• Quality Strategies:
    Surprise and delight, creating new standards, anticipating needs, finding creative solutions and problem solving
  • Leader Type:
    Innovator, Visionary, Entrepreneur
  • Management Competencies:
    Managing innovation, managing the future, and managing continuous improvement

The values that any enterprise can offer are seated in the ability to do things right (Control), do them quicker (Compete), do them together (Collaborate), or do them differently (Create). Competing Values offers a language that can voice and unify an organization’s understanding of where they are currently and what it will take to achieve the desired future state.

Common Pitfalls

Organizations may develop a vision of the future but fail to adequately and effectively communicate the behavioral changes necessary to move a culture in the needed direction.

Failure to adequately assess the current and future organizational states, and convey that information in a language that resonates with individuals at a personal level can cause even the best-devised change plan to fail.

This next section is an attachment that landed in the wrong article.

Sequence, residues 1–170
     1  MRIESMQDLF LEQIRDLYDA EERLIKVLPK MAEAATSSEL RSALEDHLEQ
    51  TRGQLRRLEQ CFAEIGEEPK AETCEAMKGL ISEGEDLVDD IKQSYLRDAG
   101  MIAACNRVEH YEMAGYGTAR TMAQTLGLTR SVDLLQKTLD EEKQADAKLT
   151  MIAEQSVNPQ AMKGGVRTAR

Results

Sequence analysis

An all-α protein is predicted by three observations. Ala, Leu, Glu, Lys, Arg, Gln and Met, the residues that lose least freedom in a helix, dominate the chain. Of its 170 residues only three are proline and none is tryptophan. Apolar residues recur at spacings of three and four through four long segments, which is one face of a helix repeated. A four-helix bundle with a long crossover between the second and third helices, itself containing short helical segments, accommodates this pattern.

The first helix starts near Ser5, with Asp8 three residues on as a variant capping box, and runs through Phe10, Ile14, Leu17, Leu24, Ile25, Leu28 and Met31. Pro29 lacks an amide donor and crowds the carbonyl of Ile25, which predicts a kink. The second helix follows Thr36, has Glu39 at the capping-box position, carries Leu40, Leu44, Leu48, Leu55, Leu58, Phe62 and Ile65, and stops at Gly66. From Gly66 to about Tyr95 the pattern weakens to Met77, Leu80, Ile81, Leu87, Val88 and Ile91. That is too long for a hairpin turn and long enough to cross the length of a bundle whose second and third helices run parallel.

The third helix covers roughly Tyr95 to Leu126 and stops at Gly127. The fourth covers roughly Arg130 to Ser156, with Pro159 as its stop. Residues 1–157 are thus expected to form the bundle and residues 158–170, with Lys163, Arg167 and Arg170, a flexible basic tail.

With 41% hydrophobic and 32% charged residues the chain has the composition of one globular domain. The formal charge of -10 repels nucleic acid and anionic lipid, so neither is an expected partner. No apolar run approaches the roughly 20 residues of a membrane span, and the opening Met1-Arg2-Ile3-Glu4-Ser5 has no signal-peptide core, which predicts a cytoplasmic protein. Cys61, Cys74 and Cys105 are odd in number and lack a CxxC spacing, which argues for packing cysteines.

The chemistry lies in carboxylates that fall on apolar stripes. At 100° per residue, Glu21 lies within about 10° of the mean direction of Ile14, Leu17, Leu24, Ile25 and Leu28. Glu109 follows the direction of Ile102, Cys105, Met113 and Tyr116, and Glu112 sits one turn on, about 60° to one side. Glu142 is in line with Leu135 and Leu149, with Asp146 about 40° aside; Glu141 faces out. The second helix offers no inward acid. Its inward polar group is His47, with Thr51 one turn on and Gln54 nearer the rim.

Conditions to be mindful of in which understanding organizational archetypes is useful:

  • Inaccurate understanding of current culture – Mapping and identifying the critical behavioral levers across an organizational fabric is essential whenever change is introduced. Identifying within your organization where critical disconnects between strategy intent and implementation exist, is a critical step in organizational change.

  • Poor change communications – Saying the right thing, at the right time, and using the right language is critical when introducing change into an organization. Having a message that is consistently and clearly delivered; one that is steeped in profound simplicity is paramount. The language of Competing Values is scalable for such an endeavor and can help contextualize the change so that people can comprehend what’s being asked of them and articulate what new behaviors are being asked.

  • Unrealistic expectations – Organizations become attuned to producing a specific type of outcome. They hire, integrate, direct, and reward staff as well as create processes and metrics that deliver a specific type of value that, over time, becomes more formal, less flexible, and highly resistant to change. Along with those outputs are paired the minds and attitudes of the workers who support them. Having an expectation of easily changing the underlying behaviors, intent on delivering a wholly different value (as an example, providing the market a radical innovations as opposed to predictable outcomes) is an unrealistic expectation that has damaging implications.